Yerushalayim (Andrew Friedman/TPS) – Defense Minister Avigdor Liberman said Wednesday that it would be “absurd” for Israel to spend taxpayer money to pay for Hamas’ electricity, and added that the Islamist group’s ample funding from radical groups around the world should make it possible to pay for Gaza’s electricity bill.
“Hamas collects hundreds of millions of shekels in taxes from the residents of Gaza. In addition, they receive hundreds of millions of shekels from Iran and other extremist elements [around the world]. The group has decided not to divert one shekel from its tunnels or from manufacturing rockets to provide electricity and water for the welfare of Gaza residents,” Liberman said.
Liberman’s comments came on the heels of Sunday’s cabinet decision to cut the electricity supply to Gaza by about 40 percent because of unpaid bills, and following a report Wednesday in the Haaretz newspaper that Israel, Egypt and the European Union have held talks in recent days to head off a humanitarian crisis in the Strip.
They also followed Prime Minister Benjamin Netanyahu comments Tuesday that the lack of power in Gaza had nothing to do with Israel and was an internal dispute between Hamas and the Palestinian Authority.
“The issue of electricity in Gaza is subject to a disagreement between the Palestinian Authority and Hamas. Hamas is demanding that the PA pay for the electricity and the PA is refusing to do so. This is an internal Palestinian argument,” Netanyahu said.
Israel currently supplies Gaza with approximately 120 megawatts of electricity per day, amounting to less than one-third of the 400-500 megawatts that would be required to power the Strip round the clock during the summer season. In practical terms, the limited power supply means that most Gazans have four hours of electricity a day, followed by 12 hours without.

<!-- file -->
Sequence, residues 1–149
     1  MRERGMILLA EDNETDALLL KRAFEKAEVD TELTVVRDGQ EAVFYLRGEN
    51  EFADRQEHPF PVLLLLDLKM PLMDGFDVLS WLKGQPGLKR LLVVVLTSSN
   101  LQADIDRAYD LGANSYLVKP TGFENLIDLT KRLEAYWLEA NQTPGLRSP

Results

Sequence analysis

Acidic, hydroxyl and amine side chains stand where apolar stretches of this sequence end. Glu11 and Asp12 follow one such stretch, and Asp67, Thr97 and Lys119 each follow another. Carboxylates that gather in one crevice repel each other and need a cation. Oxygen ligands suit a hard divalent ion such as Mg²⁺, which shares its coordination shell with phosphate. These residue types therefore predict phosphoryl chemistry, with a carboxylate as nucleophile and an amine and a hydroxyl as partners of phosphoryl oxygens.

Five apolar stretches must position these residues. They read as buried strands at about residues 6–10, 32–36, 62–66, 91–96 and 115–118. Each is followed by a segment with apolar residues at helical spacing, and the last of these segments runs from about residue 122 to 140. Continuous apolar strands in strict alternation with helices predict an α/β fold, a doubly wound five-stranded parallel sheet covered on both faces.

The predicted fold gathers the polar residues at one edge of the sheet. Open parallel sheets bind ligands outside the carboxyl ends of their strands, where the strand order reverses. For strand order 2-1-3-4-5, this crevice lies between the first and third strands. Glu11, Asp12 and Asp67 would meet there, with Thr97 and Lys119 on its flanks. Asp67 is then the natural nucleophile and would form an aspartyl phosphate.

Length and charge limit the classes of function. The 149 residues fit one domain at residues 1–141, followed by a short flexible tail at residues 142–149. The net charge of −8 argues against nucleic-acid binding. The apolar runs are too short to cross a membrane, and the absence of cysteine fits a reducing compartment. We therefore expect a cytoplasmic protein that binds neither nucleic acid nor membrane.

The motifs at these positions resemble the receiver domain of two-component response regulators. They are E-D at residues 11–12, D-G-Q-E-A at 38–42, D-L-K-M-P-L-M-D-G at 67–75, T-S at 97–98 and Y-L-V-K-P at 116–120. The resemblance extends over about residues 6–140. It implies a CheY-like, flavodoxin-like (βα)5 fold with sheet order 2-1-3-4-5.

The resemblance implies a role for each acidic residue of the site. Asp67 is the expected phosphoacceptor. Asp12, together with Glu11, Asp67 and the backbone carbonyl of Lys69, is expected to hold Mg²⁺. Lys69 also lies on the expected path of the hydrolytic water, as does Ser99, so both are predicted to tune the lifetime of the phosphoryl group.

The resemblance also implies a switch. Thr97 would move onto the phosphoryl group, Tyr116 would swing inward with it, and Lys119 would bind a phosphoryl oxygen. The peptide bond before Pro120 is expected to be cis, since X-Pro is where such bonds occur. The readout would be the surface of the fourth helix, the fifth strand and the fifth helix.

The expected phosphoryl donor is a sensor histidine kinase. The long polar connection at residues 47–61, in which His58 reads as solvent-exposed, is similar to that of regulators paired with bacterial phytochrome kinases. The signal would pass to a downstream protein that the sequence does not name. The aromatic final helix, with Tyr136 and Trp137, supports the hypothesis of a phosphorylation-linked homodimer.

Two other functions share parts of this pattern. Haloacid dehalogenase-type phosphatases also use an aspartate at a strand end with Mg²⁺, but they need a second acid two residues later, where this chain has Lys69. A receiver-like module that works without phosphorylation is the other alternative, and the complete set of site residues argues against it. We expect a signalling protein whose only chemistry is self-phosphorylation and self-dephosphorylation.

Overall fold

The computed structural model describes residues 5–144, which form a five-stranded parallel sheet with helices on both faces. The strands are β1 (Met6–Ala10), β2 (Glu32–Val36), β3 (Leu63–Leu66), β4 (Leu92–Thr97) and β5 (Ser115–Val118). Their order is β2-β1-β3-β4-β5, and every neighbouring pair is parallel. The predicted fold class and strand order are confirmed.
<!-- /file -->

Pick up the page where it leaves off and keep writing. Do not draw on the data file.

The dispute stems from a power struggle between Hamas and Mahmoud Abbas’s Fatah faction over control of Gaza. Hamas won the 2006 election to the Palestinian Legislative Council and seized power in a violent takeover several months later when Fatah officials in the Strip refused to cede power. Now, Fatah is trying to pressure Hamas by demanding payment, but the Islamist group has refused.
Sources in Gaza told Tazpit Press Service (TPS) that the lack of electricity affects all areas of life not only in Gaza, but in Israel as well.
“Obviously, it makes it difficult for hospitals, health clinics and factories to operate, said Dr. Mkhaimar Abusada, a professor of political science at Al-Azhar University. “But the damage isn’t limited to us. One major casualty is the environment, and particularly the sea off the Gaza coast. The lack of electricity means we cannot treat sewage, so raw sewage is being pumped right into the water. That’s eventually going to affect Israel – it’s going to eventually get to Zikim and other beaches in southern Israel, maybe as far as Ashkelon,” Abusada said.
Abusada said he “understands” Israel’s concerns about providing electricity to Gaza – the likelihood the power will go to light up tunnels, mosques and other Hamas infrastructure rather than to the people of Gaza. He said he believes there must be a way to hold Hamas accountable for the electricity, and that Israel could easily solve the issue permanently by providing Gaza with natural gas to power the local power plant.
“But Israel wants guarantees that no one is going to sabotage the pipeline and to know that there is a credible party on the other side that will pay for the gas. Israel doesn’t want to put all that money into a gas pipeline and then to be told in 2 years time, ‘see you later, we’re getting gas from someone else,’ or not at all,” Abusada said.